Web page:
BODYATTACK is a high energy sports conditioning group fitness class made up of sports-inspired moves, agility and plyometrics – with a dash of interval training, strength and of course fun for good measure.
Available in 55, 45 and 30 minute formats, BODYATTACK is a staple in so many gyms – the members at Goodlife Point Cook go totally bananas for BODYATTACK.
Every 3 months, Les Mills releases a new release for instructors to learn, experience and deliver to their members in their local gym. As of writing, BODYATTACK 115 is about to be released.
BODYATTACK was the first program I started teaching when I became a group fitness instructor, and completed my initial training in 2007 with BODYATTACK 59.
Lisa Osborne, an Aussie now living in New Zealand, lovingly puts together each release of BODYATTACK, and is a former World Aerobics Champion herself. Her passion, inspiration and energy is the heart and soul of this program.
What does a class look like?
Since I started BODYATTACK, the program has shifted and tightened up its focus in with its roots now firmly planted in the sports-inspired arena. Gone are the days of the old school aerobics, and in is functional training, but its heart remains: high energy moves, high energy music, and an intoxicatingly addictive group fitness program.
The class comes at you in 2 four track blocks, sandwiching an athletic strength centre:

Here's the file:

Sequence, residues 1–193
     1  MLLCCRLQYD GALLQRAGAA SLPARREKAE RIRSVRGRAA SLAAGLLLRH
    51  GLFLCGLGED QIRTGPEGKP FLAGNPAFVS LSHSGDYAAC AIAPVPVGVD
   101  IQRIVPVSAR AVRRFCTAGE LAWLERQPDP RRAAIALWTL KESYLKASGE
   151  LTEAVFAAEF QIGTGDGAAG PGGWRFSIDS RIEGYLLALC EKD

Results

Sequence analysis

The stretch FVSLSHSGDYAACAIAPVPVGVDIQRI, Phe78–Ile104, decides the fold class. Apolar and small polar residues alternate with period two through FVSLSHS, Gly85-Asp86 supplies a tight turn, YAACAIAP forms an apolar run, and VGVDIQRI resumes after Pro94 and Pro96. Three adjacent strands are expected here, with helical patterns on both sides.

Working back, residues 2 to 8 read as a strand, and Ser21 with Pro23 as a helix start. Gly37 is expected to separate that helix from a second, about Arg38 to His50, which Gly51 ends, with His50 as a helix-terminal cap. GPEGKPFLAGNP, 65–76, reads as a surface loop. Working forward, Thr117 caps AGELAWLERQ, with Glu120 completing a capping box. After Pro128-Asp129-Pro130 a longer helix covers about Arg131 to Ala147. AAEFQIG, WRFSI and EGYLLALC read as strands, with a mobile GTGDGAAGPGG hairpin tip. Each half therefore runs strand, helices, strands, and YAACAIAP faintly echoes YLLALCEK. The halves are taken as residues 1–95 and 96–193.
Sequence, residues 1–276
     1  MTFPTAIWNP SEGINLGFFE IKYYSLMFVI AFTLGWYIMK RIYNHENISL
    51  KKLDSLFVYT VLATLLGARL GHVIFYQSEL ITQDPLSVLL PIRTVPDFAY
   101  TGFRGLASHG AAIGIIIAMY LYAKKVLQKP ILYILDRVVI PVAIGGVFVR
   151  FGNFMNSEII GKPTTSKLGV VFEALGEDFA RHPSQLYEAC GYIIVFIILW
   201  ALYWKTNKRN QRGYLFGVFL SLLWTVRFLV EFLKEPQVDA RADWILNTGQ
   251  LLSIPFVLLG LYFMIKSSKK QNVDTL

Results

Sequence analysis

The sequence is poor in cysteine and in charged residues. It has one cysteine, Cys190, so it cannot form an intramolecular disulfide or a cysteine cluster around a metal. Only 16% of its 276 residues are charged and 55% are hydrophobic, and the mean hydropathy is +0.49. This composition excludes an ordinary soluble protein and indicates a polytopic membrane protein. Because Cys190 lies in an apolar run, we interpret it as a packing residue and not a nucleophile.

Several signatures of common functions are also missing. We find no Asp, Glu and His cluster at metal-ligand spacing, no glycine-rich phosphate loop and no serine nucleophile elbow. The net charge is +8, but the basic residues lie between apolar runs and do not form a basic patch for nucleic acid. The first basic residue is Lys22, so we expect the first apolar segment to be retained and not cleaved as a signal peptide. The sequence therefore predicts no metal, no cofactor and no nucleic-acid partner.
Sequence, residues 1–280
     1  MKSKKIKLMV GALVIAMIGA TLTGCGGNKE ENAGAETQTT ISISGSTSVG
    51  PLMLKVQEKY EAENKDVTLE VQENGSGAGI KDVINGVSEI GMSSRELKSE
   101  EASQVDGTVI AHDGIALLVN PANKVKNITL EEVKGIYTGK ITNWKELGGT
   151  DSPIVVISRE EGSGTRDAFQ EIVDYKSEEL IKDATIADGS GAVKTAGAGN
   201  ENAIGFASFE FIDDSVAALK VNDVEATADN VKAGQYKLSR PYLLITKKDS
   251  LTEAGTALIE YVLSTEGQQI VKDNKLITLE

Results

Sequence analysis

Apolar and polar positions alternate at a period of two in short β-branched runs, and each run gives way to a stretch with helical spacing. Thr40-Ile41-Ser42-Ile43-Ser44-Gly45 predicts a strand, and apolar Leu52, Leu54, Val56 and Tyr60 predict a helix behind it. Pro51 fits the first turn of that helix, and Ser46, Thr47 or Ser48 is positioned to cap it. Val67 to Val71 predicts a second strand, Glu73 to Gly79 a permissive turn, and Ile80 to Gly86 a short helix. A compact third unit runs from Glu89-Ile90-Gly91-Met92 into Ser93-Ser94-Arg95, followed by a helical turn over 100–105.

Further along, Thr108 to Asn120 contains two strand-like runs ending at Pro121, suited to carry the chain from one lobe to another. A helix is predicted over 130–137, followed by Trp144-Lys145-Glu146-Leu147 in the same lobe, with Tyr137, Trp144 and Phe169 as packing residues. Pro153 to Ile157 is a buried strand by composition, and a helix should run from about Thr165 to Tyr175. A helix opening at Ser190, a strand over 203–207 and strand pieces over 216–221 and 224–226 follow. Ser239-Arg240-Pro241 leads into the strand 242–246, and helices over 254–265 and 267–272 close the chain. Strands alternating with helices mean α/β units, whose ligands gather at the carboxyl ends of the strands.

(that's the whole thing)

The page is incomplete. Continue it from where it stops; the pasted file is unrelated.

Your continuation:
The 45-minute format offers two variations on this structure, breaking it in to 2 three track blocks, dropping either Aerobic and Interval or Aerobic and Running.
From BODYATTACK 83, the warm up started becoming more full body, including body weight strength training, and from BODYATTACK 87, the strength based tracks switched focus: Upper Body Conditioning (track 5) became Athletic Strength, combining Lower and Upper Body in to one track, and Lower Body Conditioning and Core (10 and 11) changing just to a longer and more challenging core track.
With its heart in sports-focused movements, there’s an emphasis on power, speed and agility. Track 2 and 7 often have direction changes and weight shifts, with 2 (at times) keeping the fun flamboyance of the older track 2s – yep, gallops and curls galore. Oh and some super fun arm lines from time to time.
Track 3 lifts the heart rate further, has more impact and really lifts the heart rate ready for the first peak – yep, Plyometrics. Think lunges, squats, burpees, tuck jumps, and a combination of any or all of the above – it’s time to hit your high with strength, power and insanely driving beats.
The strength conditioning tracks, 5 and 10, offer valuable recovery time, but also additional training. To be the very best athlete, you need to be a sum of your parts: that means not just being fit, but being strong through body, mind, and core. With a strong and engaged core, your power and athleticism sky-rockets – high knee runs feel like floating, and jumping takes you to new, well, heights. Next time you’re in class and think “oh I’ll go get a drink now”, remember that your conditioning tracks are there for a reason too – and where can your training go with a foundation in core strength, control, stability and activation.